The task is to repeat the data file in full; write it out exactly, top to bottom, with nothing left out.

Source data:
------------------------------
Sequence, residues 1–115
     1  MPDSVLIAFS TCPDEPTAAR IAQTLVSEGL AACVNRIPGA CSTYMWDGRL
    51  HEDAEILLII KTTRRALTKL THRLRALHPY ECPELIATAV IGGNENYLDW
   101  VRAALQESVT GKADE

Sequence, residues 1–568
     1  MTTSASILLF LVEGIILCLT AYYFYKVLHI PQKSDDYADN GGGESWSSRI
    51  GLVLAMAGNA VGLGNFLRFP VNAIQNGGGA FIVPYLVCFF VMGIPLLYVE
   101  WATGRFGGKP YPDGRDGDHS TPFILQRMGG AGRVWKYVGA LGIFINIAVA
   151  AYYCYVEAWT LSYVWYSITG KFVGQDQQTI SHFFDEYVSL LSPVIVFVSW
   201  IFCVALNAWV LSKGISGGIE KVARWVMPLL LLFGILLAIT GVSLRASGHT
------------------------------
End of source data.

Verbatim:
Sequence, residues 1–115
     1  MPDSVLIAFS TCPDEPTAAR IAQTLVSEGL AACVNRIPGA CSTYMWDGRL
    51  HEDAEILLII KTTRRALTKL THRLRALHPY ECPELIATAV IGGNENYLDW
   101  VRAALQESVT GKADE

Sequence, residues 1–568
     1  MTTSASILLF LVEGIILCLT AYYFYKVLHI PQKSDDYADN GGGESWSSRI
    51  GLVLAMAGNA VGLGNFLRFP VNAIQNGGGA FIVPYLVCFF VMGIPLLYVE
   101  WATGRFGGKP YPDGRDGDHS TPFILQRMGG AGRVWKYVGA LGIFINIAVA
   151  AYYCYVEAWT LSYVWYSITG KFVGQDQQTI SHFFDEYVSL LSPVIVFVSW
   201  IFCVALNAWV LSKGISGGIE KVARWVMPLL LLFGILLAIT GVSLRASGHT